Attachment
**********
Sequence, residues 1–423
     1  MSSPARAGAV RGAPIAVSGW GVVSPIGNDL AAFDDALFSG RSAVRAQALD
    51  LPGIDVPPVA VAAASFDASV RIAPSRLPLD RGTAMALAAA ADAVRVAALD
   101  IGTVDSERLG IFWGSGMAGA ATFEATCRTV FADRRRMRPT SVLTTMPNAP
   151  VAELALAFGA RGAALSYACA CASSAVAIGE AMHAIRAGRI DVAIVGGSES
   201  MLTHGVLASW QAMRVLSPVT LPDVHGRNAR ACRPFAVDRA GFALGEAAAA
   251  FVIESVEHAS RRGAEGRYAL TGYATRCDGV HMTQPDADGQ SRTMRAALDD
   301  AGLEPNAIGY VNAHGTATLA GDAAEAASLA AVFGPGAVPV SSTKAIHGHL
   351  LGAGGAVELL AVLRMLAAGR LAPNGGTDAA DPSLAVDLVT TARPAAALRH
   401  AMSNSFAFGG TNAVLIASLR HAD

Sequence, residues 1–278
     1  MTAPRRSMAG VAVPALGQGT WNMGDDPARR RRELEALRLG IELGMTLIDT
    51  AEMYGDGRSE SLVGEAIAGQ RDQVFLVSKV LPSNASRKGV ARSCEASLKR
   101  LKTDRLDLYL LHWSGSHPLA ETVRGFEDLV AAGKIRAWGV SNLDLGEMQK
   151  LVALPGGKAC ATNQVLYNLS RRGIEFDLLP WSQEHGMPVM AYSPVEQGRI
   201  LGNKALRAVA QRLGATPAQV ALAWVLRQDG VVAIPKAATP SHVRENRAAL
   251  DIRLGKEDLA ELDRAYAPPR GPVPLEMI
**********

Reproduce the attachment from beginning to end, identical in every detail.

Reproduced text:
Sequence, residues 1–423
     1  MSSPARAGAV RGAPIAVSGW GVVSPIGNDL AAFDDALFSG RSAVRAQALD
    51  LPGIDVPPVA VAAASFDASV RIAPSRLPLD RGTAMALAAA ADAVRVAALD
   101  IGTVDSERLG IFWGSGMAGA ATFEATCRTV FADRRRMRPT SVLTTMPNAP
   151  VAELALAFGA RGAALSYACA CASSAVAIGE AMHAIRAGRI DVAIVGGSES
   201  MLTHGVLASW QAMRVLSPVT LPDVHGRNAR ACRPFAVDRA GFALGEAAAA
   251  FVIESVEHAS RRGAEGRYAL TGYATRCDGV HMTQPDADGQ SRTMRAALDD
   301  AGLEPNAIGY VNAHGTATLA GDAAEAASLA AVFGPGAVPV SSTKAIHGHL
   351  LGAGGAVELL AVLRMLAAGR LAPNGGTDAA DPSLAVDLVT TARPAAALRH
   401  AMSNSFAFGG TNAVLIASLR HAD

Sequence, residues 1–278
     1  MTAPRRSMAG VAVPALGQGT WNMGDDPARR RRELEALRLG IELGMTLIDT
    51  AEMYGDGRSE SLVGEAIAGQ RDQVFLVSKV LPSNASRKGV ARSCEASLKR
   101  LKTDRLDLYL LHWSGSHPLA ETVRGFEDLV AAGKIRAWGV SNLDLGEMQK
   151  LVALPGGKAC ATNQVLYNLS RRGIEFDLLP WSQEHGMPVM AYSPVEQGRI
   201  LGNKALRAVA QRLGATPAQV ALAWVLRQDG VVAIPKAATP SHVRENRAAL
   251  DIRLGKEDLA ELDRAYAPPR GPVPLEMI